Francis Joyon’s IDEC has just been on a promotional visit to Shenzhen, China berthed where they initially told Chinese advisers that it was too shallow for their boat.

Purely a ‘hello, look a me and my sponsor’ type visit with no guest sailing (clearly didn’t speak with the right people) to help promote sailing in China although they ironically signed with China Cup an agreement to promote sailing in China. Let’s hope this is more successful than China Cup’s agreement with the old owners of the World Match Race Tour that really didn’t go anywhere.  As someone interested AND active in helping to advance our sport in China it will be interesting to see what form their initiatives take – it all helps. 

Of course a promotional visit to China always adds to sponsor’s value even if Shenzhen is just round the corner from Hong Kong with a total mileage of less than 60 miles (there and back) and as I have written before the most important piece of any such arrangement is keeping the sponsor happy which, given Joyon’s long association with IDEC, he has been able to do.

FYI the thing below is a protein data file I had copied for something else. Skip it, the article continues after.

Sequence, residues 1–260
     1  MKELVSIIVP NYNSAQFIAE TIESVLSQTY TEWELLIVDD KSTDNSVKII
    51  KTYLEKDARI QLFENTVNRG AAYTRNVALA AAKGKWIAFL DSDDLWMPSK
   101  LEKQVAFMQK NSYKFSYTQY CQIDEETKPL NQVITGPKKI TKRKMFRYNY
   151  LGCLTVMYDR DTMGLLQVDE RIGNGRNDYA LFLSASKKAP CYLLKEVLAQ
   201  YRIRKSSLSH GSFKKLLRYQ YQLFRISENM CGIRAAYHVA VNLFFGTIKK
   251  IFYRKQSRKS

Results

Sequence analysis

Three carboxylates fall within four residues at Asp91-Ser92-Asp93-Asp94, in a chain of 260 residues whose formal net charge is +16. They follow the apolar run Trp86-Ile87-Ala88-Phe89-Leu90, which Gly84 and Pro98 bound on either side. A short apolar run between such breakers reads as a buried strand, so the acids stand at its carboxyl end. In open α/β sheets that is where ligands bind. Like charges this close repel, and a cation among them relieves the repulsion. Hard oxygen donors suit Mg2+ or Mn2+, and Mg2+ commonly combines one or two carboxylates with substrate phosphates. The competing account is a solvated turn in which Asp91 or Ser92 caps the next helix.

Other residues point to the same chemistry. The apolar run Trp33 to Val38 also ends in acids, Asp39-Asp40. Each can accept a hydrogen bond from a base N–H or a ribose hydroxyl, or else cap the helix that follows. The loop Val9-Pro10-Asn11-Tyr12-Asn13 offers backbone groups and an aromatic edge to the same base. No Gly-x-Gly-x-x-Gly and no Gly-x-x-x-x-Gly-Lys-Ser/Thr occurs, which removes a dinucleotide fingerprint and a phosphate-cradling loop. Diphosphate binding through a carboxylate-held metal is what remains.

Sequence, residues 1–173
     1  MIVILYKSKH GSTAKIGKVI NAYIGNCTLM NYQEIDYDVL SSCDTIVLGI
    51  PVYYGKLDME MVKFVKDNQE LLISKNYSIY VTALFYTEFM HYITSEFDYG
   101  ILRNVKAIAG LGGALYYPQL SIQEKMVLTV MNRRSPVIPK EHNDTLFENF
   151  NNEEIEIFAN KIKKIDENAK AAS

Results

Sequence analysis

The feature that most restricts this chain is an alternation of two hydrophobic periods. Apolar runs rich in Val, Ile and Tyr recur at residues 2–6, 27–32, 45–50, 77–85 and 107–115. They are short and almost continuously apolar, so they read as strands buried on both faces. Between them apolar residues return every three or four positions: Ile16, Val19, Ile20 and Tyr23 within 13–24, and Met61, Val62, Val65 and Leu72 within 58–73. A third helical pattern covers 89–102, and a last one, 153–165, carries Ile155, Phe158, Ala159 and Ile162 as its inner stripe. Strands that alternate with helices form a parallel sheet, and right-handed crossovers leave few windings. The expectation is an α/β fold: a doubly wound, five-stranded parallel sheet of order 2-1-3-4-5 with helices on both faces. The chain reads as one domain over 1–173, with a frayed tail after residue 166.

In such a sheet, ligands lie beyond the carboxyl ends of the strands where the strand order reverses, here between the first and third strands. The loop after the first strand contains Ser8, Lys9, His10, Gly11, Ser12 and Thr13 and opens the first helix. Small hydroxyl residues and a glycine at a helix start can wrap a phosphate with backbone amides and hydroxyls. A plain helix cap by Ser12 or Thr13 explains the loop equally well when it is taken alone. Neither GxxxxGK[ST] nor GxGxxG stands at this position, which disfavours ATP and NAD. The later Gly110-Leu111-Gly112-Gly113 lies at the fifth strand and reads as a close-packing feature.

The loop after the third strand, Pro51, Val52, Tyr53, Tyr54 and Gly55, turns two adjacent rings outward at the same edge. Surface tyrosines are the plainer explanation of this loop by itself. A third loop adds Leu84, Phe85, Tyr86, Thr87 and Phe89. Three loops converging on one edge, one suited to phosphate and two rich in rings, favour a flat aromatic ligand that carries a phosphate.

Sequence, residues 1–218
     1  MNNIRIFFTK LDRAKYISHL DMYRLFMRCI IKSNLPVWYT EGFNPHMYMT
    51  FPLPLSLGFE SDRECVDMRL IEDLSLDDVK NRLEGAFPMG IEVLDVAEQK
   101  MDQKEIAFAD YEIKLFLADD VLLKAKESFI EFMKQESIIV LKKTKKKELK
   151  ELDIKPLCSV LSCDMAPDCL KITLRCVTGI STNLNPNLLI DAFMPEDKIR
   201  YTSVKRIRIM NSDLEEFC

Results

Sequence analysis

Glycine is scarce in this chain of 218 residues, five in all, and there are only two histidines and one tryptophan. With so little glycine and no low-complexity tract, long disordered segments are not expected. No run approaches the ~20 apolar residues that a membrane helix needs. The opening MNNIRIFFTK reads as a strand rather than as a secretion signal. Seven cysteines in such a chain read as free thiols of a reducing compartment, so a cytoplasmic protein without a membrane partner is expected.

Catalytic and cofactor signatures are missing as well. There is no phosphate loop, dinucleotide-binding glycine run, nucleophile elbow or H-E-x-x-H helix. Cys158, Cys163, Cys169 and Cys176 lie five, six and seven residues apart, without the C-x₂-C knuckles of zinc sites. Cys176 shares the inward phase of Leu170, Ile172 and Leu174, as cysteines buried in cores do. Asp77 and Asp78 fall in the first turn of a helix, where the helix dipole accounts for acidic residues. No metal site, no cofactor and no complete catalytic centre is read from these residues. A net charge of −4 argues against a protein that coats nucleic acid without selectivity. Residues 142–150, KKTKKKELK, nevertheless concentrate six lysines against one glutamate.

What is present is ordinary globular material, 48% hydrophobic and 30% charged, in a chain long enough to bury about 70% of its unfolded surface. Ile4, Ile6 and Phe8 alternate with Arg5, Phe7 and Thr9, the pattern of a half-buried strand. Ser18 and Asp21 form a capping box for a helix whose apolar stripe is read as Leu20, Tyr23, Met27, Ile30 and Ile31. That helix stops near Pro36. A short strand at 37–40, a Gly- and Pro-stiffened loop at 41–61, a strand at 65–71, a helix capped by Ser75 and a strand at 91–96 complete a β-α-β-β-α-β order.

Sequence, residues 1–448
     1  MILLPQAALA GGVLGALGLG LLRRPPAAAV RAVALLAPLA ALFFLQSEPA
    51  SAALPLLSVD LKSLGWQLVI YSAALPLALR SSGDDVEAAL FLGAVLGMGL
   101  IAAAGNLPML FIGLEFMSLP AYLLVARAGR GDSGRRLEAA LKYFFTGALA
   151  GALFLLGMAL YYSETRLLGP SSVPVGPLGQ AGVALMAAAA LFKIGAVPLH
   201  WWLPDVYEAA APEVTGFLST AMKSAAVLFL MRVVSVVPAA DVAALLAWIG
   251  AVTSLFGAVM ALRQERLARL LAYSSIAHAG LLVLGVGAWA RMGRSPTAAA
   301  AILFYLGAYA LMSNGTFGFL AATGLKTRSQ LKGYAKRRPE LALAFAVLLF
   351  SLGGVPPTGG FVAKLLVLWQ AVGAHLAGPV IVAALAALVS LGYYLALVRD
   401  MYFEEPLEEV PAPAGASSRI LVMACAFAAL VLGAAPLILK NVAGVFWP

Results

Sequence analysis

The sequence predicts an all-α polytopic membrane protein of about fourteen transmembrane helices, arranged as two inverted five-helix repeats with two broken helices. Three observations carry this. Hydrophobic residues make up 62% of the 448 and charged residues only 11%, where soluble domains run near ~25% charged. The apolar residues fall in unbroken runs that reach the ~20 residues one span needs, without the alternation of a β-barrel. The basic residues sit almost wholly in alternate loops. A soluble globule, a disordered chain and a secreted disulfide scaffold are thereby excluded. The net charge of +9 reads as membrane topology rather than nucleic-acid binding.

In that way he is up there with the likes of Thompson(Hugo Boss), Cammas (Groupama) and perhaps the top of the tree Philippe Poupon who had 9 or 10 boats called Fleury Michon.

The trimaran is now back to Hong Kong to prepare for an attempt to beat the Hong Kong to London record currently held by the MOD70, Maserati at 36 Days, 2 hours and 37 minutes rather grandly and perhaps strangely given the title “The Tea Route”.

I say strangely, as the truly epic Tea Clipper Races weren’t from Hong Kong at all. The closest of these was between Ariel and Taeping in 1866. Leaving from Fuzhou in Fujian (over 400 miles north of Hong Kong) – the two ships docked less than an hour apart with perhaps the most dramatic being between Cutty Sark and Thermopylae in 1872 from Shanghai (820 miles north of Hong Kong)  to London – Cutty Sark, having built a lead of over 400miles, lost her rudder. A new one was built AT SEA taking 6 days before she continued finally arriving in London a week after her rival. Not many racers of today could have managed the feat. Although considered one of the fastest of her generation, she never actually did win a season’s Tea Race.

As one of the current ‘fastest of her generation’ we would wish IDEC rather more success on her attempt on a record of similar distance. 

I have a stainless steel model of her predecessor on my shelf as she was in the hands of Guo Chuan, a Chinese sailing icon, a friend and a good man, when he was lost overboard just north of Hawaii while attempting the solo Trans-Pacific record so more than a little interest in watching this latest IDEC’s progress. – SS.